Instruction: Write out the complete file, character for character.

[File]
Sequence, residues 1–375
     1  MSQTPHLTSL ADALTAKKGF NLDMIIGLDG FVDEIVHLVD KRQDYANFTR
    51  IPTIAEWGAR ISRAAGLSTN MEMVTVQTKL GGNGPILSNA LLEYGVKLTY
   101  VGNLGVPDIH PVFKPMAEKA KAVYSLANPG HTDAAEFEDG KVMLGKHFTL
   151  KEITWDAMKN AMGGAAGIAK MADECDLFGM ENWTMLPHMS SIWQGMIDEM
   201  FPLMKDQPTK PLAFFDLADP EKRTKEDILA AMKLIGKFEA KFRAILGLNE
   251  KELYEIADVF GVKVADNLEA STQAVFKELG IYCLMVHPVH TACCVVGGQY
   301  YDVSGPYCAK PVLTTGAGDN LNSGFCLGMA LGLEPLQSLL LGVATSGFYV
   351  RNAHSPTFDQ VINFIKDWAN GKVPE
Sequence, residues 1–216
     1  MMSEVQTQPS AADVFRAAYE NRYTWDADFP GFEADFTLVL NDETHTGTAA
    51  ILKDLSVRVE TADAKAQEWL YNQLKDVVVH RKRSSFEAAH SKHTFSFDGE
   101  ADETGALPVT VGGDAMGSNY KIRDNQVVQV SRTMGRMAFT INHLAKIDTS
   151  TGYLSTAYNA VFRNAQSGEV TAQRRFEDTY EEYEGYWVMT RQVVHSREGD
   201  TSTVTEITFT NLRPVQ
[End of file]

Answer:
Sequence, residues 1–375
     1  MSQTPHLTSL ADALTAKKGF NLDMIIGLDG FVDEIVHLVD KRQDYANFTR
    51  IPTIAEWGAR ISRAAGLSTN MEMVTVQTKL GGNGPILSNA LLEYGVKLTY
   101  VGNLGVPDIH PVFKPMAEKA KAVYSLANPG HTDAAEFEDG KVMLGKHFTL
   151  KEITWDAMKN AMGGAAGIAK MADECDLFGM ENWTMLPHMS SIWQGMIDEM
   201  FPLMKDQPTK PLAFFDLADP EKRTKEDILA AMKLIGKFEA KFRAILGLNE
   251  KELYEIADVF GVKVADNLEA STQAVFKELG IYCLMVHPVH TACCVVGGQY
   301  YDVSGPYCAK PVLTTGAGDN LNSGFCLGMA LGLEPLQSLL LGVATSGFYV
   351  RNAHSPTFDQ VINFIKDWAN GKVPE
Sequence, residues 1–216
     1  MMSEVQTQPS AADVFRAAYE NRYTWDADFP GFEADFTLVL NDETHTGTAA
    51  ILKDLSVRVE TADAKAQEWL YNQLKDVVVH RKRSSFEAAH SKHTFSFDGE
   101  ADETGALPVT VGGDAMGSNY KIRDNQVVQV SRTMGRMAFT INHLAKIDTS
   151  TGYLSTAYNA VFRNAQSGEV TAQRRFEDTY EEYEGYWVMT RQVVHSREGD
   201  TSTVTEITFT NLRPVQ